Rain, higher humidity levels and cooler temperatures in the forecast for the next several days should help crews battle a wildfire in the Boundary Waters Canoe Area Wilderness that was reported at 950 acres as of Wednesday morning.

The Bezhik Lake fire apparently started with a lighting strike on Monday when it was reported at 10 acres in size. Dry, windy conditions pushed the fire Tuesday when Superior National Forest officials estimated the size at 1,650 acres. They later revised that estimate.

The fire is located about 16 miles north of Tower and is not near any campsites or canoe routes. No travel restrictions are in place, and no evacuations have been ordered. The fire did spread out of the BWCAW and reached the southwest edge of the Moose Loop Forest Road (Forest Road 464). Firefighters will be looking to work on the fire edge in that area and continue structure protection efforts on the private property at the south end of the Moose Loop Road.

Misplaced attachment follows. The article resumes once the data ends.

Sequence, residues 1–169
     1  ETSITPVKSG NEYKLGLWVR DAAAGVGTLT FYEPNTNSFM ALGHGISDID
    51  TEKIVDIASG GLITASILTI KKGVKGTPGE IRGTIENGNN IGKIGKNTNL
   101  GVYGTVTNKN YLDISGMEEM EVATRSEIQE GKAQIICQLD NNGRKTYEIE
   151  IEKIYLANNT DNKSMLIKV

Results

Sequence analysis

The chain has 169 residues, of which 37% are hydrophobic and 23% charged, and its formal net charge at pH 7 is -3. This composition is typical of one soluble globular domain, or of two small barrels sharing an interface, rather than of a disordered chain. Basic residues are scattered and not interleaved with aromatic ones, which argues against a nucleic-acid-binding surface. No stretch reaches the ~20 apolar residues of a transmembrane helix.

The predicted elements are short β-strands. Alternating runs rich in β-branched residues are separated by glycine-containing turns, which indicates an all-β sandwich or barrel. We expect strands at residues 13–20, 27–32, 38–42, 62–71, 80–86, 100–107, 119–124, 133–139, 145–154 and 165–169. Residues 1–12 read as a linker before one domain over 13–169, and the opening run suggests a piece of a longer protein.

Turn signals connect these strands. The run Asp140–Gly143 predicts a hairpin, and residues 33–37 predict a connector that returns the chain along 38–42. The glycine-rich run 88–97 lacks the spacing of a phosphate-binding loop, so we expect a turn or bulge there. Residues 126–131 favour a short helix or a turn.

GOOGLE MAP: Bezhik Fire

Due to the remote location and late observation time on Monday, no effort was made to extinguish the fire initially. Crews were added Tuesday, including a 20-person Lolo Hotshot Crew, a 10-person module from the Cherokee Hotshot Crew and Wildland Engines from several other forests.

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An air-attack plane has been directing water drops by Fire Boss water bombers along the north side of the fire. The fire is in a challenging location for firefighter access, according to the Superior National Forest report.

Much of the Northland had rapidly moved into near-drought conditions with little or no rain so far in May. Warm, windy days with very low humidity levels allow fires to grow quickly. But rain already was falling Wednesday morning across parts of the region with some rain forecast over the next six days in a row.

After being above normal for precipitation as recently as April, Duluth is 1.73 inches shy of normal rainfall for May. Until Wednesday morning, the last time Duluth saw more than a trace of rain was on April 26, when just over a half inch fell.

Spring is usually Minnesota’s busiest wildfire season. So far this year, Minnesota has seen 1,065 wildfires that have burned across 32,910 acres, according to the Minnesota Interagency Fire Center in Grand Rapids.